Overnight Kayaking Trip

to Seymour Tower

Stay in one of Jersey's Coastal Defence Towers    




Seymour Tower at high tide


Seymour Tower is situated two kilometres out to see in the Royal Bay of Grouville and was built in 1782 as a part of Jersey's coastal defences against French invasion.  The history minded can scroll down to find out more about these towers!

A great overnight stay for those who wish to return to basics.  First you will meet your kayak instructor and Tower Guide who will help you load all your clothing and food into the kayaks before setting off.  The kayak trip to Seymour Tower takes about an hour. 

Seymour Tower is dry and warm and contains 3 bunk beds on the first floor and another bunk bed on the ground/kitchen/living quarters level, one of which is used by your guide.

No en-suite I am afraid - in fact no bathroom and only a portaloo for emergencies during the night!  You will need to bring your own food and Jersey Odyssey can either advise you on this or arrange for the food to be delivered to theInside Seymour Tower starting point. 

This is a great experience, on a high tide the Tower is completely cut-off and if your night stay coincides with a low tide there may be a chance of exploring the sand bars with your guide and seeing the phosphorescence in the pools.  Trips can accommodate up to 7 people and dates are arranged to suit as long as the Tower is available.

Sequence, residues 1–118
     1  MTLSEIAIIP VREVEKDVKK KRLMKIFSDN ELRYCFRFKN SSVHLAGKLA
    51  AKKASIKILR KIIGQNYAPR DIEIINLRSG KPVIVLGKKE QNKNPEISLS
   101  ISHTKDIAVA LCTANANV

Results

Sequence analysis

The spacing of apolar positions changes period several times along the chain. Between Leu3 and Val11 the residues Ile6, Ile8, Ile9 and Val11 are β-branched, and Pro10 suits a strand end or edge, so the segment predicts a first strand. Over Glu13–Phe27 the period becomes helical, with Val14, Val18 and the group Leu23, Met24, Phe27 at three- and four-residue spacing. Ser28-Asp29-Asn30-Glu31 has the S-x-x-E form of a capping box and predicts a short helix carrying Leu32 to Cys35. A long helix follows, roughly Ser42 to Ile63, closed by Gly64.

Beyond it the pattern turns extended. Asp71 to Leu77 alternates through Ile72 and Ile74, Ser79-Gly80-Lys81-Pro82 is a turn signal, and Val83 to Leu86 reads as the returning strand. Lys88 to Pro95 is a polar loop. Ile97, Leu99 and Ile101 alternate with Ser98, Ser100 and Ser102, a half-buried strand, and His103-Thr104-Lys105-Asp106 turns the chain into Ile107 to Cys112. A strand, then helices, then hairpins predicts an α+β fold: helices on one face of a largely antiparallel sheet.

The History of Seymour Tower

Due to Jersey's close proximity to France, invasion was particularly easy and the low lying coastal areas were very vulnerable.  In 1781 French troops led by Baron de Rullecourt  landed in the east of the island at La Rocque from where they went directly to St. Helier, the capital of Jersey.  The Battle of Jersey ensued and although the invaders had made the then Lieutenant Governor of Jersey surrender, Jersey troops, led by the brave Major Pierson who died in the battle, fought off the French force.  Thirty-two granite constructed towers were ordered to be built around Jersey at the instigation of the Governer of Jersey, General Sir Henry Seymour Conway as defences against invadersThe idea came to him as he realised the usefulness of such buildings having seen how successfully a stone tower in the Bay of Martella in Corsica held out against the British - the round towers are thus called Martello Towers.  All the other towers were round as this was considered more effective against the enemy attack but Seymour Tower was of square construction.  Sixteen years later Britain realised how effective a defence the towers were and started building them around the south coast of England.  When General Sir Henry Seymour Conway died in 1795, twenty two towers were complete. 



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